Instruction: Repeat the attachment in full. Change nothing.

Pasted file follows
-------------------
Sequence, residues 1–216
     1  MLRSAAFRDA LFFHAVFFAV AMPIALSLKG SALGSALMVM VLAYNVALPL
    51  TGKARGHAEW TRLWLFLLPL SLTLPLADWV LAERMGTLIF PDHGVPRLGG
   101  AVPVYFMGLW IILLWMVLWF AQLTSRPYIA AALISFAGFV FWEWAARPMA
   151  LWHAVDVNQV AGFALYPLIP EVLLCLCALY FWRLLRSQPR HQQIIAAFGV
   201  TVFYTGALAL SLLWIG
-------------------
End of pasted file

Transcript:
Sequence, residues 1–216
     1  MLRSAAFRDA LFFHAVFFAV AMPIALSLKG SALGSALMVM VLAYNVALPL
    51  TGKARGHAEW TRLWLFLLPL SLTLPLADWV LAERMGTLIF PDHGVPRLGG
   101  AVPVYFMGLW IILLWMVLWF AQLTSRPYIA AALISFAGFV FWEWAARPMA
   151  LWHAVDVNQV AGFALYPLIP EVLLCLCALY FWRLLRSQPR HQQIIAAFGV
   201  TVFYTGALAL SLLWIG